University of Delaware cuts ribbon on new science building
The University of Delaware's Interdisciplinary Science and Engineering Laboratory is more than just a new building, UD says it represents the future of education.
At Thursday's ribbon-cutting ceremony, University of Delaware President Dr. Patrick Harker recalled the words of French chemist and microbiologist Louis Pasteur.
"'These are temples of the future,' [Pasteur] said, 'temples of well-being and happiness, where humanity grows greater, stronger, better.' The ISE Lab is our temple of the future," Harker told the crowd of elected officials, alumni, faculty and students.
The $137-million facility includes eight state-of-the-art classrooms, four laboratories, a 10,000 square foot nanofabrication facility and an advanced materials characterization lab.
"It's the most complex facility we've ever built at this university and, really, it's one of the most complex facilities built across the country," Harker said in an interview with WHYY.
But more than the bells and whistles, Harker says what makes the ISE Lab a game changer is how the students learn inside the 194,000 square foot facility's walls, a building that bridges research and teaching physically and in practice.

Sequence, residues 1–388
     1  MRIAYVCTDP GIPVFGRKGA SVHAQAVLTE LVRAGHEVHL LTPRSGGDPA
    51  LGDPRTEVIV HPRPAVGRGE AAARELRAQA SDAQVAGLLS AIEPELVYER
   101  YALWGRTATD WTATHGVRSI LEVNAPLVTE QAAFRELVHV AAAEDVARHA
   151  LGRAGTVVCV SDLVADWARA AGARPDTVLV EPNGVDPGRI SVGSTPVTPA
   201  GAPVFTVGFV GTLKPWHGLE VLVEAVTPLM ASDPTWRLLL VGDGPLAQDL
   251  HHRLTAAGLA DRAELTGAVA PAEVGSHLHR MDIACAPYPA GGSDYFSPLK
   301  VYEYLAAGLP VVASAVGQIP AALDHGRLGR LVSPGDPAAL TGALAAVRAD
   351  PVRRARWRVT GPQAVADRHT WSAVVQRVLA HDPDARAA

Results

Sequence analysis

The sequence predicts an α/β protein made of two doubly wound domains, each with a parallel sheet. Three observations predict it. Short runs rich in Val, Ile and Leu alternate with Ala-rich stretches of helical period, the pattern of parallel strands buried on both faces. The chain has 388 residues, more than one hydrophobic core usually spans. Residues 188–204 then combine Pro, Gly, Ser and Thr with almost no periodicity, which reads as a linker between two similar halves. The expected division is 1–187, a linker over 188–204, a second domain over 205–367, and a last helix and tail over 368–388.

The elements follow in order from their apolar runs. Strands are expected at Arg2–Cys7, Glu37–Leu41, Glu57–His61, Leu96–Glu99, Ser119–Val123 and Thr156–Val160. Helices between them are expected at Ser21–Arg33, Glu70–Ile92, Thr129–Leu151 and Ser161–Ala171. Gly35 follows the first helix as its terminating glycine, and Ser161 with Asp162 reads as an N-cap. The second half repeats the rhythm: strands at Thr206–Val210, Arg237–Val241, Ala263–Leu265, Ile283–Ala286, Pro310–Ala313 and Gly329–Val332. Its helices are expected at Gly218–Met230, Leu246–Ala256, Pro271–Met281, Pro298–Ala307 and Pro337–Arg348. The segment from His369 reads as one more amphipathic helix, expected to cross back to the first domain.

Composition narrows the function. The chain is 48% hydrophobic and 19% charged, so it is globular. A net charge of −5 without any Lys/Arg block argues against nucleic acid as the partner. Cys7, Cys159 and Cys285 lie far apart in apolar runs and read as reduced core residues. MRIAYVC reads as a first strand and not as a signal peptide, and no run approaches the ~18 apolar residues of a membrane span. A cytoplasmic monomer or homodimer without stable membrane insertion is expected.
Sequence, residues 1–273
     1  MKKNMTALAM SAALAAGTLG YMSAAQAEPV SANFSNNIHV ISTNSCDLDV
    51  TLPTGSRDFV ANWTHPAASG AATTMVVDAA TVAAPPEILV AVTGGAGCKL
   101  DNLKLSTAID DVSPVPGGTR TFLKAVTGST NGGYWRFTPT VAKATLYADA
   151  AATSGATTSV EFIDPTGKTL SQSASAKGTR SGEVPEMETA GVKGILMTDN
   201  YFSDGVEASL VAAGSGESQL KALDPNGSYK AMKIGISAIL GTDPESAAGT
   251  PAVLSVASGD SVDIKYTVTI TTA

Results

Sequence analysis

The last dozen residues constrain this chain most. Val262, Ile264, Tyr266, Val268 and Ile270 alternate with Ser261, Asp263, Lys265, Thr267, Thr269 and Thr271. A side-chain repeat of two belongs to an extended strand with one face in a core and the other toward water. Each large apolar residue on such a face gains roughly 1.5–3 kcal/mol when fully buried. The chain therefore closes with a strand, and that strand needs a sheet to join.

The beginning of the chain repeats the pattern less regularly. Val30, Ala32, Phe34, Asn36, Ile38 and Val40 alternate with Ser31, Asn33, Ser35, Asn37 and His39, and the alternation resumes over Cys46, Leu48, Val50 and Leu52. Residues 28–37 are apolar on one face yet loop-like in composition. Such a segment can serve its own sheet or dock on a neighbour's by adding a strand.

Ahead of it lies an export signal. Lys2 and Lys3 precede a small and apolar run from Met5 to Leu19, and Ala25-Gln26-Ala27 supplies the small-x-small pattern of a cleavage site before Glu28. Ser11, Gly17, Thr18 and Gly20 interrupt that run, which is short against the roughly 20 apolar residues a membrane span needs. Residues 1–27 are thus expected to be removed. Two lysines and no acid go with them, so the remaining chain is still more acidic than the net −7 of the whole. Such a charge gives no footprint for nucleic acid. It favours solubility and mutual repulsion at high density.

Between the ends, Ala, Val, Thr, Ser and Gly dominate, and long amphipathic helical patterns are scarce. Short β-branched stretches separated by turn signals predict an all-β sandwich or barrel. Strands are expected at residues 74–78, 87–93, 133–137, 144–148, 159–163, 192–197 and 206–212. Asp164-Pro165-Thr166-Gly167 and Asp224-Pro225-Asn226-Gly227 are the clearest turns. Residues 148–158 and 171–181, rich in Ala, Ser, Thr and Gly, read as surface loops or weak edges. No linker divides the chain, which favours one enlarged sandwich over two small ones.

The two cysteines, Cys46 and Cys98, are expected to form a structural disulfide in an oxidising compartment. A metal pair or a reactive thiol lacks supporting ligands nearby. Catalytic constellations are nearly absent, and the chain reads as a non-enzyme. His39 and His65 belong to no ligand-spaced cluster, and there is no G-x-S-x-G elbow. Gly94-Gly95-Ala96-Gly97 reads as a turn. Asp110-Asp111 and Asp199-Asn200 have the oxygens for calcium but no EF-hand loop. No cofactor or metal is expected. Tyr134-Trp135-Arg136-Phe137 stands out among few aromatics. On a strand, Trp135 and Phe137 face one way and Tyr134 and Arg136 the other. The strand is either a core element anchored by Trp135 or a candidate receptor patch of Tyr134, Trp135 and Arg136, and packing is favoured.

"It's where our research will find a home, built on the foundation of openness and collaboration," said Harker, adding the ISE Lab brings together students and faculty from all fields of study, providing a space where they can teach, learn and research real-world problems together. For example, after learning in the classroom, Harker says, students get up and then run experiments in the adjacent labs.
"Because you're focused on real problems, as opposed to rote learning, what we know... is... yes you learn a little bit more, but more importantly, the learning sticks," Harker said. "Because you work to discover it, you own it."
"It's a different world of competition," Governor Jack Markell, D-Del, said. "And the only way for us to compete successfully in that world, and to win in that world, is to make investments like this."
The University of Delaware's ISE Lab is the school's first new science building in 20 years.